Evidence that feedback inhibition of NAD kinase controls responses to oxidative stress

Julianne H. Grose, Lisa Joss, Sidney F. Velick, John R. Roth

Research output: Contribution to journalArticle

85 Scopus citations

Abstract

Formation of NADP+ from NAD+ is catalyzed by MAD kinase (NadK; EC 2.7.1.23). Evidence is presented that K is the only NAD kinase of Salmonella enterica and is essential for growth. NadK is inhibited allosterically by NADPH and NADH. Without effectors, NadK exists as an equilibrium mixture of dimers and tetramers (KD = 1.0 ± 0.8 mM) but is converted entirely to tetramers in the presence of the inhibitor NADPH. Comparison of NadK kinetic parameters with pool sizes of NADH and NADPH suggests that NadK is substantially inhibited during normal growth and, thus, can increase its activity greatly in response to temporary drops in the pools of inhibitory NADH and NADPH. The primary inhibitor is NADPH during aerobic growth and NADH during anaerobic growth. A model is proposed in which variation of NadK activity is central to the adjustment of pyridine nucleotide pools in response to changes in aeration, oxidative stress, and UV irradiation. It is suggested that each of these environmental factors causes a decrease in the level of reduced pyridine nucleotides, activates NadK, and increases production of NADP(H) at the expense of NAD(H). Activation of NadK may constitute a defensive response that resists loss of protective NADPH.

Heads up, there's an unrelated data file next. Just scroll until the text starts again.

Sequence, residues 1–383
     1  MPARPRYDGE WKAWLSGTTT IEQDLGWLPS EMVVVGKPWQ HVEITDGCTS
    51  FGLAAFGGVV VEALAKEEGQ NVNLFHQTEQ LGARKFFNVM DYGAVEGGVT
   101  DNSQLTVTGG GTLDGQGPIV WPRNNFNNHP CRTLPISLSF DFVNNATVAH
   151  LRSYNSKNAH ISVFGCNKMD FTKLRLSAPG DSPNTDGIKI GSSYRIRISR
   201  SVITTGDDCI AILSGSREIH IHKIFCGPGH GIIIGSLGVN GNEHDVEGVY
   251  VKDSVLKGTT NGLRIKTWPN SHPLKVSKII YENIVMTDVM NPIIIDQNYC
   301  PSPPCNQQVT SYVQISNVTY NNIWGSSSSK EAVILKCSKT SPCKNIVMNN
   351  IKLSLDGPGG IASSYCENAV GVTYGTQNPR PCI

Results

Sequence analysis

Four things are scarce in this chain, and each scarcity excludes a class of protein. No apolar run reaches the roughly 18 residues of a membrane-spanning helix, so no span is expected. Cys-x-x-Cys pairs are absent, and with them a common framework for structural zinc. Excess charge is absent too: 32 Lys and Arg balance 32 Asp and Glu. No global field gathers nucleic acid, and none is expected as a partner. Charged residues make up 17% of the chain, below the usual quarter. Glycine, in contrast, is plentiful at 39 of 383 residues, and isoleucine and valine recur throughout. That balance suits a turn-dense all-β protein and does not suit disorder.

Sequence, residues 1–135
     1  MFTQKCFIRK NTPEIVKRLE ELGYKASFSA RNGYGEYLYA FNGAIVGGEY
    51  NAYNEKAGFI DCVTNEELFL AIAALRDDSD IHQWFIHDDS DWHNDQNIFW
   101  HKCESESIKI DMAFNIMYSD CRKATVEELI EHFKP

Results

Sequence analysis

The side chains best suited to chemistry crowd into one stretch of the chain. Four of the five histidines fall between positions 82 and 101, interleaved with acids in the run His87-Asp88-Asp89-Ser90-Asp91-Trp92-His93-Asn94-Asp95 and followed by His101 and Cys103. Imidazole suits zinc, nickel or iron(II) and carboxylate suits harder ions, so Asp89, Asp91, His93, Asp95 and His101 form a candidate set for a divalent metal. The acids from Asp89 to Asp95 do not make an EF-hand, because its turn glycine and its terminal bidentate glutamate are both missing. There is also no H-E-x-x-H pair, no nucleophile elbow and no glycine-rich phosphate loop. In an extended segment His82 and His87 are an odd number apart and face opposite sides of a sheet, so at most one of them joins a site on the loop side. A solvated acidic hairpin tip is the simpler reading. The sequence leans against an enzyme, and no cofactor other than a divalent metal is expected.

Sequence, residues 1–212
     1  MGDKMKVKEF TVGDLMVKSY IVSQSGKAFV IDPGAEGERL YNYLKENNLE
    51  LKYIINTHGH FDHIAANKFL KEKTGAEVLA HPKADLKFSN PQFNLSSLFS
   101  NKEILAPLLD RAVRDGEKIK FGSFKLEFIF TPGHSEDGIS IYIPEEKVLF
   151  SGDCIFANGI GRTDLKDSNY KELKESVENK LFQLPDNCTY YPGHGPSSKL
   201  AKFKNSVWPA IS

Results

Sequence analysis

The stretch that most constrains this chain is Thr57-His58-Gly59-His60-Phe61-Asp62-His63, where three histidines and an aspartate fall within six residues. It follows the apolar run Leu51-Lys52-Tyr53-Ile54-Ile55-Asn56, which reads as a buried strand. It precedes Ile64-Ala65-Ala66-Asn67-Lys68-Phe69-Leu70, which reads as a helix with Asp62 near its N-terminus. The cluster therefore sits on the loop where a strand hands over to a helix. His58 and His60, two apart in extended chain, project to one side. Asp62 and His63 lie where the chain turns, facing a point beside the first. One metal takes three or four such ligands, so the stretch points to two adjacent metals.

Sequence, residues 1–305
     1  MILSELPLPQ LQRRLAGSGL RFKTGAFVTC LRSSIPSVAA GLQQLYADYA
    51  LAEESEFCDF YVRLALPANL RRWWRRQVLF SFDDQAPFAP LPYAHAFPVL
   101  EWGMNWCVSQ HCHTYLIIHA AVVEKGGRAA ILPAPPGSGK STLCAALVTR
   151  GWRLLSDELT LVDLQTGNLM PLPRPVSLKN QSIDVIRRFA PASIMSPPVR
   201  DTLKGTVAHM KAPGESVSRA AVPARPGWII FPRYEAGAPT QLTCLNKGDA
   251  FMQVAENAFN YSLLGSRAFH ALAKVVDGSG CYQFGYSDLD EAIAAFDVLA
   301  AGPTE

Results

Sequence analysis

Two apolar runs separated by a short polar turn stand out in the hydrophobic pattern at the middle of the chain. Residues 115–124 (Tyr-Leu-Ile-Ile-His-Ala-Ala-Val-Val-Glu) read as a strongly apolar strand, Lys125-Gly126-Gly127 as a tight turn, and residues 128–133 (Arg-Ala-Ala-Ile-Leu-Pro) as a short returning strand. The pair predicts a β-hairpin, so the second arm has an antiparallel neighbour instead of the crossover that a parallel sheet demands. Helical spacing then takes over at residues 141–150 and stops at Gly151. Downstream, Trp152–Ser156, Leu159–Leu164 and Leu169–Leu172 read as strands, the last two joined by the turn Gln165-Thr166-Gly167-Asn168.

Original languageEnglish (US)
Pages (from-to)7601-7606
Number of pages6
JournalProceedings of the National Academy of Sciences of the United States of America
Volume103
Issue number20
DOIs
StatePublished - May 16 2006

Keywords

  • Metabolic control
  • NAD metabolism
  • NADP synthesis
  • Pyridine nucleotides
  • Sedimentation equilibrium

ASJC Scopus subject areas

  • Genetics
  • General

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